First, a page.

A Cup of Coffee with Emma Williamson
Written by Emma Williamson and Rebecca Rijsdijk
I’m a poet and fiction writer (she/her) living in Toronto, Canada, with my husband and son. Through my work I strive to encourage readers to reflect, feel, and recognize our shared humanity and capacity for redemption and evolution.
What are you currently reading?
Too many books (I have a problem!). Right now, I’m reading a lot of fiction in particular. On my nightstand: The Beguiling by ZsuZsi Gartner, Greenwood by Michael Christie, Daddy by Emma Cline, the fall 2020 issue of The Paris Review, and Such Small Hands by Andres Barba (translated by Lisa Dillman).
What are you working on next/what was your last project?
I recently finished my first book of poetry, which I am thrilled to know will be published by Sunday Mornings at the River in 2021! I’m in the process of revising my first novel (a work of psychological noir about a reclusive horror novelist), and I’m also working on a number of short stories. Finally, together with a journalist friend of mine, I’m editing and contributing to a feminist anthology of essays about women’s personal experiences with perinatal and
post-partum mental health issues.
What are some common themes you see in your own work?
Identity, authenticity, how we give away our power to others. The search for self, the darkness hiding in daily life, the little power struggles in relationships. Our shadow selves and our ability to evolve past our limitations. Obsession and being blinded by emotions. The struggle to trust intuition, the stories that we tell ourselves.
How do you beat writer's block?
I give myself permission to write poorly. I didn’t make that sentence up – I forget where I read it and I wish I could credit the person who came up with it. But that’s the single most powerful thing we can do to get started and break past that fear and panic.
Do you feel that sharing your poetry is a vulnerable process?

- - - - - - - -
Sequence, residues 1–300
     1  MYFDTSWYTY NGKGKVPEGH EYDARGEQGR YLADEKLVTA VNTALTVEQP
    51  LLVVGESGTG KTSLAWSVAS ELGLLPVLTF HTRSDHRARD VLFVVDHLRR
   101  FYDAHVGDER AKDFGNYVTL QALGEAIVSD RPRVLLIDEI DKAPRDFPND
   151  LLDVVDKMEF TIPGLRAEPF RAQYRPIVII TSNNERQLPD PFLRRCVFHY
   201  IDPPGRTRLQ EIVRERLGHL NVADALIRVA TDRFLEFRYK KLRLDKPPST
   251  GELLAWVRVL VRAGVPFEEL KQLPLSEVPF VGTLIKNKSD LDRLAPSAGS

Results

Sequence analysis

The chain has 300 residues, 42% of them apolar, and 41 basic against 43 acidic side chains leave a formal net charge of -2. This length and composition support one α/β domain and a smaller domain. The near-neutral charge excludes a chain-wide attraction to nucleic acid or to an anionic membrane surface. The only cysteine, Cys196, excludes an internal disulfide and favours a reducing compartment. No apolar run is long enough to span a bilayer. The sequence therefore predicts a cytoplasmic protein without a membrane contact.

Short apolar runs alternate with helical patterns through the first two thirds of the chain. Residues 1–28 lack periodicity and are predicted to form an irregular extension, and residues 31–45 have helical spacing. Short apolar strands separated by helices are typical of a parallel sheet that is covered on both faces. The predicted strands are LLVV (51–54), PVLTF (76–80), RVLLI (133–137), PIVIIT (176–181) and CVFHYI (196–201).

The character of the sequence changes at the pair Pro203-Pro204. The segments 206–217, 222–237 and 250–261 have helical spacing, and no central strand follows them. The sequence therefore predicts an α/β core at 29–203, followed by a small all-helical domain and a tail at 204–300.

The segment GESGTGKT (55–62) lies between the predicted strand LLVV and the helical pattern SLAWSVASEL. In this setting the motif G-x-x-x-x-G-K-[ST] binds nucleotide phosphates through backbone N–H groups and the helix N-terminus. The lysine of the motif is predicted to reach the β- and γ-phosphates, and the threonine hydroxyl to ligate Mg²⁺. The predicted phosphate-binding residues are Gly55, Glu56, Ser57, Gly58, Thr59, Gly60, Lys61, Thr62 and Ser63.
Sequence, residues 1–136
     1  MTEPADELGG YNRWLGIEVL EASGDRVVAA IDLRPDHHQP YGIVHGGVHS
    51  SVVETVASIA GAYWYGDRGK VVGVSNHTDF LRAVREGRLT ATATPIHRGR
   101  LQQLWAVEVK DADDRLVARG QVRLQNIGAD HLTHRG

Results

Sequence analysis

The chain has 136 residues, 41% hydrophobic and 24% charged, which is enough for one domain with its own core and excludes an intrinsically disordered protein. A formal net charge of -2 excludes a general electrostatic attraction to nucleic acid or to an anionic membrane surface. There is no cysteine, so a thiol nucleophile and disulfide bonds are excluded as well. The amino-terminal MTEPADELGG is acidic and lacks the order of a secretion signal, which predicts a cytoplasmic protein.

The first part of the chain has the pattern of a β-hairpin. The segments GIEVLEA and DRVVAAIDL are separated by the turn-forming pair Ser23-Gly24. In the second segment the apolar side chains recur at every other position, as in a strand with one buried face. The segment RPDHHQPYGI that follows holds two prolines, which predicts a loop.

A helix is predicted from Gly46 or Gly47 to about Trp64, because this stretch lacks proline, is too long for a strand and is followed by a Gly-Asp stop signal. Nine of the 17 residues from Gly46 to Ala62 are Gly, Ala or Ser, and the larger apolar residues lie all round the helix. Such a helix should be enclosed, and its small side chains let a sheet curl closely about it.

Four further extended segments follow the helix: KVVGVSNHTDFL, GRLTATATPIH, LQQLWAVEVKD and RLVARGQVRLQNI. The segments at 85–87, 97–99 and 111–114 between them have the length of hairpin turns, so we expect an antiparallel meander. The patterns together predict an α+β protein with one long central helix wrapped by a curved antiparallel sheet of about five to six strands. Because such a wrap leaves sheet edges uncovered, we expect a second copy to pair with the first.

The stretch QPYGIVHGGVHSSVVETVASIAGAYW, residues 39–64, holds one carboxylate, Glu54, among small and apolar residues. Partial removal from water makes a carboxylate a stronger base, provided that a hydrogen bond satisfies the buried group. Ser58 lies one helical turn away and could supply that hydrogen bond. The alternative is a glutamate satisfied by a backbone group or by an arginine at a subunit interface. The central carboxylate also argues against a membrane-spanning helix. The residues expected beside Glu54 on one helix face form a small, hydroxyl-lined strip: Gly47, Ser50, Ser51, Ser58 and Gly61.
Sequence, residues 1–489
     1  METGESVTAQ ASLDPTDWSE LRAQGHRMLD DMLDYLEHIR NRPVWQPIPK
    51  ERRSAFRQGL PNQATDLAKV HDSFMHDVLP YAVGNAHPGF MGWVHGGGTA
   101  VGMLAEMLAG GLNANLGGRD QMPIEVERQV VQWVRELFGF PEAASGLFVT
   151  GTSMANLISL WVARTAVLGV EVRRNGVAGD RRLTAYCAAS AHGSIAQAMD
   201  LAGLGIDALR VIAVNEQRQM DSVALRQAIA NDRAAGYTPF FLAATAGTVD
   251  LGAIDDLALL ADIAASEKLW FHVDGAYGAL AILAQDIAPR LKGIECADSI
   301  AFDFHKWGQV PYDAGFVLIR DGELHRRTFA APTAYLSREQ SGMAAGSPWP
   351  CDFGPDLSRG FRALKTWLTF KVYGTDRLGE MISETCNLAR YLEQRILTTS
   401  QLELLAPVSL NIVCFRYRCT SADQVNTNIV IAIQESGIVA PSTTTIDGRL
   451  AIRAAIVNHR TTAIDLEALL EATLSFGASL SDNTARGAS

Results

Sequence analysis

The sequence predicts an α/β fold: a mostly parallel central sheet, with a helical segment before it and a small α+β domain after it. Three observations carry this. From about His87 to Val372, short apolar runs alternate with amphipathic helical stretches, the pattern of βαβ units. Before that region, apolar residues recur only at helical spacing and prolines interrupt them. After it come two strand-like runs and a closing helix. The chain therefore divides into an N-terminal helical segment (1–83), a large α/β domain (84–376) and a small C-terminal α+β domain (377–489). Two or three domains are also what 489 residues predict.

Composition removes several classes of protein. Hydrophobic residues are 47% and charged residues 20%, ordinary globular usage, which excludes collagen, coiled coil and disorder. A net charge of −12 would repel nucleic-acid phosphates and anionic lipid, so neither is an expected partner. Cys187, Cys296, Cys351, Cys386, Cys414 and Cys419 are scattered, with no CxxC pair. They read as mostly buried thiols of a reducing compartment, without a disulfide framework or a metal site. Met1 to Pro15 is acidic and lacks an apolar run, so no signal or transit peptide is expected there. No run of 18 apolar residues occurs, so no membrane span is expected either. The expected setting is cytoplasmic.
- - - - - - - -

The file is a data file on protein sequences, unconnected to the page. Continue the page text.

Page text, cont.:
Absolutely. Once you put your words out there, they don’t belong to you any more – people interpret pieces so differently, sometimes reading into my work in a way that I never intended. Even if a poem isn’t completely personal, people think it is – and that always leads to interesting, and sometimes unsettling, feedback. I’ve had to convince some of my loved ones that my work truly isn’t about them!
Do family and "real life" friends read your work?
Yes! And it’s terrifying - way scarier than when my virtual friends and followers read it. I think it’s because people in my “real life” know me to be a certain way, or at least have pre-conceived ideas about whom they think I am. And then reading my work gives them a deeper, perhaps surprising insight into what I really think or feel. That can be jarring for both of us!
What is your writing process like?
I sit at my desk nearly every single day and I work. If I put the work in, the inspiration comes. My commitment to writing every day truly brings results. I try to stay organized and plan loosely, but I give myself room for creative impulse as well. There’s a lot of course correction, a lot of going over and over something until it works, a lot of letting go of what I thought the outcome would be and accepting what is. Ultimately, I get to a point where a piece is finished, and I send it off into the universe and try to forget about it.